2020 has been quite the year! The holidays are always a particularly difficult time for grieving families, and that will continue to be the case, even in 2020. This holiday season, we are encouraging our Good Grief community to choose and practice gratitude. Research has shown that practicing gratitude can improve mental health, untangle us from toxic emotional patterns, bring us closer to the ones we love, and build overall resilience.
Use the tips below to help your family navigate the holidays, or share them with families in your community! As someone in our Good Grief community, you can play an important role in reducing the isolation for grieving children and families.
Join us on this journey to close out the year by practicing gratitude and building resilience together.
TIPS FOR PRACTICING GRATITUDE
BUILD A PLAN OR USE OUR 14-DAY GRATITUDE JOURNAL!
It is easy to have good intentions at the start of a challenge like this. But, if you do not create a plan with detailed steps to follow, then it can be easy to lose track of. Consider using our 14-Day Holiday Gratitude Journal, or choose a length of time that feels manageable for you. Set aside the same time of day, every day, to practice gratitude, and then pick a date to start!
INVITE OTHERS TO JOIN
Accountability with a family member, coworker, or friend will help you to stick to your practice! Invite someone to jump on the “gratitude train” with you and set aside time for a weekly check in on each other. If you plan to practice with your family, discuss when, where, and how you will all share gratitudes together.
EXPLAIN TO CHILDREN WHY GRATITUDE IS IMPORTANT
Many kids may not be feeling very optimistic or grateful this year, especially if they have been impacted by loss. That is not only okay, but completely understandable. Share this gratitude activity with your child. Explain that you want to remember the things that you still have to be grateful for together, that it helps people feel better when they are sad, and that it will bring you closer together as a family. Even if they do not share, studies have shown that just reflecting on what we are grateful for can have positive effects.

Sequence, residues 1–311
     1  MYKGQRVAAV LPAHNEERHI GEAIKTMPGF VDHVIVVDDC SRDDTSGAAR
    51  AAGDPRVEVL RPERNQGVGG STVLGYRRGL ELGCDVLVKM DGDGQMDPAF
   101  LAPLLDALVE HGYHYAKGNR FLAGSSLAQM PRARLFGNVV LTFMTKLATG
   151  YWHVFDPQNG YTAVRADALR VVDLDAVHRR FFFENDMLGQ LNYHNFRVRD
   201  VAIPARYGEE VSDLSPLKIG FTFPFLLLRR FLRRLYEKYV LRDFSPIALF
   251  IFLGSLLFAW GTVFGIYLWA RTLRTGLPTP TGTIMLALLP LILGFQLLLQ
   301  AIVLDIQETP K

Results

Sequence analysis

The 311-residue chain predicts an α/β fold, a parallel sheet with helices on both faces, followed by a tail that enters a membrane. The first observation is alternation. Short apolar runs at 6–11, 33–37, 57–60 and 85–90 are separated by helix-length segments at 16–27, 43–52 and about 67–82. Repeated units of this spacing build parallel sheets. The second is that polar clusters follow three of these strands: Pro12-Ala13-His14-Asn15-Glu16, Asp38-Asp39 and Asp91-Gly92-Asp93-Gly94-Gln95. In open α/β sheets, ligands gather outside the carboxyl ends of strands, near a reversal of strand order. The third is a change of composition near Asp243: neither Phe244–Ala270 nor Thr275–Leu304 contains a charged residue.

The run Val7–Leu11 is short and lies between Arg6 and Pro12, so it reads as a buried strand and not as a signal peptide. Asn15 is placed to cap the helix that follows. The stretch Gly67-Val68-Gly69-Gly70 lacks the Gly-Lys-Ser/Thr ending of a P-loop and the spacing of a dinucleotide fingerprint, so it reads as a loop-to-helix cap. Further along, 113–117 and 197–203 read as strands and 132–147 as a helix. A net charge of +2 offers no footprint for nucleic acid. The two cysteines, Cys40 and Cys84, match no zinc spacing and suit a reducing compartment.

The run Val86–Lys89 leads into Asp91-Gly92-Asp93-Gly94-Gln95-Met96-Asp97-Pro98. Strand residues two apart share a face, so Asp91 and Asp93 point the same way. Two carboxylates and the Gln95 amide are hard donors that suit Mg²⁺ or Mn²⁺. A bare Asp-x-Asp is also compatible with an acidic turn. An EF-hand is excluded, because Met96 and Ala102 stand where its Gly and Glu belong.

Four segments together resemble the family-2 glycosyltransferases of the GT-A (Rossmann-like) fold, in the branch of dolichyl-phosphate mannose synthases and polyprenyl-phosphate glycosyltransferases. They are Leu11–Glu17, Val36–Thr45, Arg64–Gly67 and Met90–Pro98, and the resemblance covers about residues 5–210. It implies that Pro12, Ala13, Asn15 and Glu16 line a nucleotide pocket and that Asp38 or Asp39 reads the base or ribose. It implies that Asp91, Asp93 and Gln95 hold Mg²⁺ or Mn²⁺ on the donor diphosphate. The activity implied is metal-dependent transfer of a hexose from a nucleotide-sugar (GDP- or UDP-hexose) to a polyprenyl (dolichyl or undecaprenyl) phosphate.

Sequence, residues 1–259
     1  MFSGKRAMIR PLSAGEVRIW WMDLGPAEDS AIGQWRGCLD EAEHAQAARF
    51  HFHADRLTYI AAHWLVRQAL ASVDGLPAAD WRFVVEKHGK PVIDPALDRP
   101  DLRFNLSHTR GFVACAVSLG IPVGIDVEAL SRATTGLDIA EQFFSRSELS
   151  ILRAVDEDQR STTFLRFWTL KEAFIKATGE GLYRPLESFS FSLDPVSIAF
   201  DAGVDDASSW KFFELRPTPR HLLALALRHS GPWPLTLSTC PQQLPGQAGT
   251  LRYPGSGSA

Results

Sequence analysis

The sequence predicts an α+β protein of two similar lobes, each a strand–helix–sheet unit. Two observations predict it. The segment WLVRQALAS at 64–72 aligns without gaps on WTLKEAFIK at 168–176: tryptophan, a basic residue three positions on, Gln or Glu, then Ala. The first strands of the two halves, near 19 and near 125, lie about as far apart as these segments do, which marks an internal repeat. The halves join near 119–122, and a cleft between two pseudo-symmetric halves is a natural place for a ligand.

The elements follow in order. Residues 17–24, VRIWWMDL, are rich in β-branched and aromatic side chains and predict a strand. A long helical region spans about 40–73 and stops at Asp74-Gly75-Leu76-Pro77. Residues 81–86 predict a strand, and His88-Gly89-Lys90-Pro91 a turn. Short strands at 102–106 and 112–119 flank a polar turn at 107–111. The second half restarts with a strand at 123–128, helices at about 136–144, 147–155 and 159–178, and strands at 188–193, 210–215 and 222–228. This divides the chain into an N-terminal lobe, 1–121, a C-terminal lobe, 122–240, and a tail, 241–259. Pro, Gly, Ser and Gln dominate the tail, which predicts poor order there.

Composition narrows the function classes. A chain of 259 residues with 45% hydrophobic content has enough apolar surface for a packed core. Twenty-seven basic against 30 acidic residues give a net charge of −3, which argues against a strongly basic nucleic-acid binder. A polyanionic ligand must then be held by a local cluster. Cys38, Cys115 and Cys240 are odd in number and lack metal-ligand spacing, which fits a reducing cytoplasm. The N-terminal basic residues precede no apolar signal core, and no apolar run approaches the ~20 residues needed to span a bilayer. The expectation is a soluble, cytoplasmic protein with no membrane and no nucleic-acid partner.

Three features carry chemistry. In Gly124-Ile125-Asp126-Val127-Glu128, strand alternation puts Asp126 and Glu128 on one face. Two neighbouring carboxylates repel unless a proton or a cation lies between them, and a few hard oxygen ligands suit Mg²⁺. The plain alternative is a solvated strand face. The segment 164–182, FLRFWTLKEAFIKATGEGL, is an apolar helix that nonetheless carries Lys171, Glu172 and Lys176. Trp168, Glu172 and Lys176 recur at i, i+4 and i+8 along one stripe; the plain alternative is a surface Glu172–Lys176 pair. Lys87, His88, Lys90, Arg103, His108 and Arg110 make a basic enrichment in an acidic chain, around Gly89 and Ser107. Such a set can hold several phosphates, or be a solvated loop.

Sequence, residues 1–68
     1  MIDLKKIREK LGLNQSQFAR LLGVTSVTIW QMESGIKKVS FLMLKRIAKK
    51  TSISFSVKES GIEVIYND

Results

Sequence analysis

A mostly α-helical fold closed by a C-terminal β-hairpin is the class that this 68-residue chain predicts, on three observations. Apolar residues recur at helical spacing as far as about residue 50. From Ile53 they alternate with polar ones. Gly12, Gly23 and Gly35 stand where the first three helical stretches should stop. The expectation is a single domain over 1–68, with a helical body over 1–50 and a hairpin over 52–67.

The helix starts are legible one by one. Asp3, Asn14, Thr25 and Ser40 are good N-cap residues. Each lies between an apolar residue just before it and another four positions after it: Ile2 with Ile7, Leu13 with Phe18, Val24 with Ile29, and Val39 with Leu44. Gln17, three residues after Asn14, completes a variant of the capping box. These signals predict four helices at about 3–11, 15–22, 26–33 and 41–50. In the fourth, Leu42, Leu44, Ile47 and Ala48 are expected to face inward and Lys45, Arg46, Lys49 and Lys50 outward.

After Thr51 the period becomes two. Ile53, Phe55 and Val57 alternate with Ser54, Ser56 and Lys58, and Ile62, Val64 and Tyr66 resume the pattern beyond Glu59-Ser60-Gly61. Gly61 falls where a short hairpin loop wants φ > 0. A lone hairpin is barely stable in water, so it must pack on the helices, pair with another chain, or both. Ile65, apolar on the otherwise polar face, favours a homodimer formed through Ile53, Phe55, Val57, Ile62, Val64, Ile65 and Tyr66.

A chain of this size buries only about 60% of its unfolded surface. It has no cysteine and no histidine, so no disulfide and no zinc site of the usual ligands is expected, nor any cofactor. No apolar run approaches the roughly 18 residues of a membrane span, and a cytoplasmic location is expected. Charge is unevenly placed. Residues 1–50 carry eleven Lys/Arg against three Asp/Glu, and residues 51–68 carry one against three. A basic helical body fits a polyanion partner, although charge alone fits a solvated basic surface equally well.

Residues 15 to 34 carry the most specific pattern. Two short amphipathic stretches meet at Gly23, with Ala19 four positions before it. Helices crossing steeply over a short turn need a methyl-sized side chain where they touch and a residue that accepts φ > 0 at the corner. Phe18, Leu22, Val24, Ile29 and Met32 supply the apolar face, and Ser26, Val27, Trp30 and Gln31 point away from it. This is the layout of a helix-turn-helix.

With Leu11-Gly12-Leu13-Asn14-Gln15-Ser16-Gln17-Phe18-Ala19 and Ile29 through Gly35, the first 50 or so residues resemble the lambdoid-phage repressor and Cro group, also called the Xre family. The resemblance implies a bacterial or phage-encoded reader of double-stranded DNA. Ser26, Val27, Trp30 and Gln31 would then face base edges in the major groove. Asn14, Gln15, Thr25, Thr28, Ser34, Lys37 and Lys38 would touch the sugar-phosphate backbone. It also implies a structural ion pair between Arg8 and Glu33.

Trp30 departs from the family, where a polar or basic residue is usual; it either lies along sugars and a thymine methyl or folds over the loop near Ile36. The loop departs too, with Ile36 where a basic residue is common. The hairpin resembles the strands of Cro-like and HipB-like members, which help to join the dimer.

DON’T SUPPRESS DIFFICULT EMOTIONS AND EXPERIENCES
Practicing gratitude does not mean that we have to ignore the harsh realities of our lives. Practicing gratitude is about feeling and acknowledging all of the pain and sorrow, and then choosing to continue remembering the things that you can still be grateful for. In fact, our so-called “negative” emotions, like sadness, are there to help us to slow down and reflect in times of pain and loss. So, allow yourself to slow down, reflect, and remember both the joys and sorrows of life.
BE KIND AND PATIENT WITH YOURSELF
Practicing gratitude is not easy. There will be days when you will feel like there is nothing to be grateful for. That is okay. Acknowledge those thoughts and feelings. Allow yourself to recognize that those thoughts and feeling do not define you. Then, when you are ready, continue reminding yourself of the things that you can be grateful for this year.
RESOURCES FOR THE HOLIDAYS
For additional resources, check out our COVID-19 Updates and Resources page.